Dir: George Stevens | Writer: Theodore Dreiser (Novel) Michael Wilson, Harry Brown (Screenplay) | Cast: Montgomery Clift, Elizabeth Taylor, Shelley Winters, Raymond Burr, Anne Revere, Keefe Brasselle | 122mins Drama
A melodramatic film adaptation of Theodore Dreiser’s best seller ‘An American Tragedy’ and a remake of the Josef von Sternberg 1931 version.
What George Stevens lacked in prestige as a director he more than made up for in his shrewd decision to cast a 17-year-old Elizabeth Taylor together with Monty Clift as young lovers across the social divide: Angela Vickers and George Eastman. Their potent sexual chemistry and screen kiss is considered one of the most erotic in Hollywood history especially considering Monty’s homosexuality.
They continued their friendship after the picture and when Liz Taylor pulled Monty from the reckage of his car after the near fatal crash that was to change his career forever, the two became close confidantes despite an age gap of thirteen years.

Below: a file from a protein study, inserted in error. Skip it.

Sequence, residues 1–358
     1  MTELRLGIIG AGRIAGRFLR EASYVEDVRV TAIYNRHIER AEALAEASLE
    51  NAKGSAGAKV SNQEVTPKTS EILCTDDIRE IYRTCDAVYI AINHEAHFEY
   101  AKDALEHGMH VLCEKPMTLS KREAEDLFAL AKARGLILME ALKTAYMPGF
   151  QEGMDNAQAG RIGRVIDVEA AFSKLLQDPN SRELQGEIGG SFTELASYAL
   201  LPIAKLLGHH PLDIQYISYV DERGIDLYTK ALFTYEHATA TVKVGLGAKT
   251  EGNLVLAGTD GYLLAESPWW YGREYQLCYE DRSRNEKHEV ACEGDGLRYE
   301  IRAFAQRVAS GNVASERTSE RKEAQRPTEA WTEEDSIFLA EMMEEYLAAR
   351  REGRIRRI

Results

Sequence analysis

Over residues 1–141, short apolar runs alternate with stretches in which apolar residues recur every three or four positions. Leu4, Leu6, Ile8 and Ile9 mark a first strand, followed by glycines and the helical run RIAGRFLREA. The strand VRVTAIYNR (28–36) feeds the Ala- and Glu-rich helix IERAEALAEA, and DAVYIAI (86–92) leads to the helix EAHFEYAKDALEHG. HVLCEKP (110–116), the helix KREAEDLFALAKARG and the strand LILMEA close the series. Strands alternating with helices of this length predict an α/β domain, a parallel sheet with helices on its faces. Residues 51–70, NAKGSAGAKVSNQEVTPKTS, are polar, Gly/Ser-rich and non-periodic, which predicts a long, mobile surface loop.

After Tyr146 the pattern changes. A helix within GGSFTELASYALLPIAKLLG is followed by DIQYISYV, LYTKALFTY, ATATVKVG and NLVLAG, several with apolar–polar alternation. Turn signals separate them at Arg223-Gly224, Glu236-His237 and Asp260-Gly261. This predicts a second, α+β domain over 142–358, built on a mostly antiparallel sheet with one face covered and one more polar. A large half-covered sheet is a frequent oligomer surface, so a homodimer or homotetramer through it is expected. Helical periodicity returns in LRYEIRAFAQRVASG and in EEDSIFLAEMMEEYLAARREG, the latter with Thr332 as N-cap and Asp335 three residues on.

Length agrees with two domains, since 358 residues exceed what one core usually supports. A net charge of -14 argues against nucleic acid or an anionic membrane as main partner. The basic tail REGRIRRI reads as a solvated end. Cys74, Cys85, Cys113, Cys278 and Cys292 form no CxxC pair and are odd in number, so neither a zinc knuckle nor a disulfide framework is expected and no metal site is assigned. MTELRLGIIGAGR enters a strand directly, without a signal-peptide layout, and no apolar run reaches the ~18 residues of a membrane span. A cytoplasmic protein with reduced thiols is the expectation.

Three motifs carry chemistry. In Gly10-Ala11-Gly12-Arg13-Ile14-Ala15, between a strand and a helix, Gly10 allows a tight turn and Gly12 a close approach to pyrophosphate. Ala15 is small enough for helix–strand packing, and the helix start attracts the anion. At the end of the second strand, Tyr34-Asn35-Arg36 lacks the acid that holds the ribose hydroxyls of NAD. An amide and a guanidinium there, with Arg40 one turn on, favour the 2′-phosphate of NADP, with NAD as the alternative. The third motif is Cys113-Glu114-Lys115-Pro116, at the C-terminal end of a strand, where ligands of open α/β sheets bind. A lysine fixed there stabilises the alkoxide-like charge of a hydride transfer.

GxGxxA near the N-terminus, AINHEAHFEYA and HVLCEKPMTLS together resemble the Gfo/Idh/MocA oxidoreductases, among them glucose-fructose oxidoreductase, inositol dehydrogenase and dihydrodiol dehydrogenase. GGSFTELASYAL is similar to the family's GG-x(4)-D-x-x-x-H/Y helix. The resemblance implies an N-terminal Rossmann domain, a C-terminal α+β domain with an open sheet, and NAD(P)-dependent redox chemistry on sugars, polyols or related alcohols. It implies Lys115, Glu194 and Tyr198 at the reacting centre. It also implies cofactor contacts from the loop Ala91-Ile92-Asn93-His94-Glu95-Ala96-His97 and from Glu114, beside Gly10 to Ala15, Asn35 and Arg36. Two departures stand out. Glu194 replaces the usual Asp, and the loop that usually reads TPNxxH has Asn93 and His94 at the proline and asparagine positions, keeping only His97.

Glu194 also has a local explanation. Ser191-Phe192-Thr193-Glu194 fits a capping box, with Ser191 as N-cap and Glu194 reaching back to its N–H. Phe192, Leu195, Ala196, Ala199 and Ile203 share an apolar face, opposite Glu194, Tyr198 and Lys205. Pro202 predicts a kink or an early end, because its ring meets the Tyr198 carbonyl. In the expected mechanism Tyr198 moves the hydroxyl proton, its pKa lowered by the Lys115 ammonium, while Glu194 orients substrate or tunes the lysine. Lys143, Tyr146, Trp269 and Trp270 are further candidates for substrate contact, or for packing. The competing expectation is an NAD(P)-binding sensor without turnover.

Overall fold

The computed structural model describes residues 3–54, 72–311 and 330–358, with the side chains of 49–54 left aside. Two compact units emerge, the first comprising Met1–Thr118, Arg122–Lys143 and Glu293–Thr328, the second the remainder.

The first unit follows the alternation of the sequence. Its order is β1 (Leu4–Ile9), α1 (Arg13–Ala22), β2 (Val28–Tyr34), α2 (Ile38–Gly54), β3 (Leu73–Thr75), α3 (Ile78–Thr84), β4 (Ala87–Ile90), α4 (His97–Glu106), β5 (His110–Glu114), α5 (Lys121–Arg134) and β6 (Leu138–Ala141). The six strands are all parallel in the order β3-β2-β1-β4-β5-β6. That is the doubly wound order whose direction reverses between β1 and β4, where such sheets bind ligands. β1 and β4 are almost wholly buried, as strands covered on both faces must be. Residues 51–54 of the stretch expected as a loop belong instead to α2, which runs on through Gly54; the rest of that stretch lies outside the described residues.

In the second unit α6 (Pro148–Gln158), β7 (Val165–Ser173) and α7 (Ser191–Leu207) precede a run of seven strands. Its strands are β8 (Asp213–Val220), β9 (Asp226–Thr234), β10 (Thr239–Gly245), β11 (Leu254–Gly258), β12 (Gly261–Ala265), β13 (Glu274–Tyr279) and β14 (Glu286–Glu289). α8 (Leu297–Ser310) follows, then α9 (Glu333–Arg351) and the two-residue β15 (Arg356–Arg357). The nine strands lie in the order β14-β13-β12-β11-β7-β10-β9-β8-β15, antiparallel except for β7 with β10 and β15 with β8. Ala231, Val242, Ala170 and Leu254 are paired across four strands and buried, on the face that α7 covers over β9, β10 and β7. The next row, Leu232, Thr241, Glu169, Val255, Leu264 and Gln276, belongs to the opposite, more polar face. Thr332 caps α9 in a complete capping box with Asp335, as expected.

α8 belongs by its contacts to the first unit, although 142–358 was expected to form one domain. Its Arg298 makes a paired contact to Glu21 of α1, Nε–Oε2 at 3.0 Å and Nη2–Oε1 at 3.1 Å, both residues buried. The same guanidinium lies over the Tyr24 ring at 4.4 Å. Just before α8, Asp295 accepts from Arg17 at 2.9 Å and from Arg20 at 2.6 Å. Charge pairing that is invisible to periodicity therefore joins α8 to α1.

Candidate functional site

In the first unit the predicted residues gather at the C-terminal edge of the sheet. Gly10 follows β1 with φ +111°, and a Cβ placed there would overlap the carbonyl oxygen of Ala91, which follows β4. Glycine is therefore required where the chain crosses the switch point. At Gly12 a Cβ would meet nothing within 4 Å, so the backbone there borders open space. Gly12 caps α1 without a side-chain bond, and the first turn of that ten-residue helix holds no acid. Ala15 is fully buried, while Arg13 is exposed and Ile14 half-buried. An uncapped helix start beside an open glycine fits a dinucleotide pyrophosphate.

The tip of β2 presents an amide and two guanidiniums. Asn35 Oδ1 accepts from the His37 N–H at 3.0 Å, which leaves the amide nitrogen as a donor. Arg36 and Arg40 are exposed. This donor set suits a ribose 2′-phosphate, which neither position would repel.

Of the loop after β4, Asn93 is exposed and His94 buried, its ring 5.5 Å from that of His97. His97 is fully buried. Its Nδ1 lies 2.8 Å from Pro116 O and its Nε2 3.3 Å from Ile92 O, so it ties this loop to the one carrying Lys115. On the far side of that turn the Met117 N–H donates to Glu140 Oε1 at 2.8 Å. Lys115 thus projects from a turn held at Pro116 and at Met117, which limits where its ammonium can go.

But Shelley Winters was not so happy cast as George’s needy and downmarket girlfriend, Alice Tipps, and took a long time to get over this role even though she was nominated for best actress for her performance. In the event, the film went on the win six Oscars
and George Stevens won Best Director for the outing. The best actress award that year went to Vivien Leigh for A Streetcar Named Desire.
Elizabeth Taylor is absolutely enchanting in her portrayal of society rich kid Angela Vickers and although many critics say the story is out of date with its societal divides, I would argue that there are plenty of Anglela Vickers and Alice Tipps around in today’s world of social extremes and the same type of spoilt young woman is still in existence, sadly lacking the poise and grace that Liz gave to the role in 1951. Her “White Lilac” dress became a fashion sensation overnight. There also a convincing turn from a young Raymond Burr who plays District Attorney Frank Marlowe.
A Place In The Sun may be slow-moving and sombre in tone but the romance is real: Elizabeth Taylor and Montgomery Clift where never lovelier as these star-crossed lovers. MT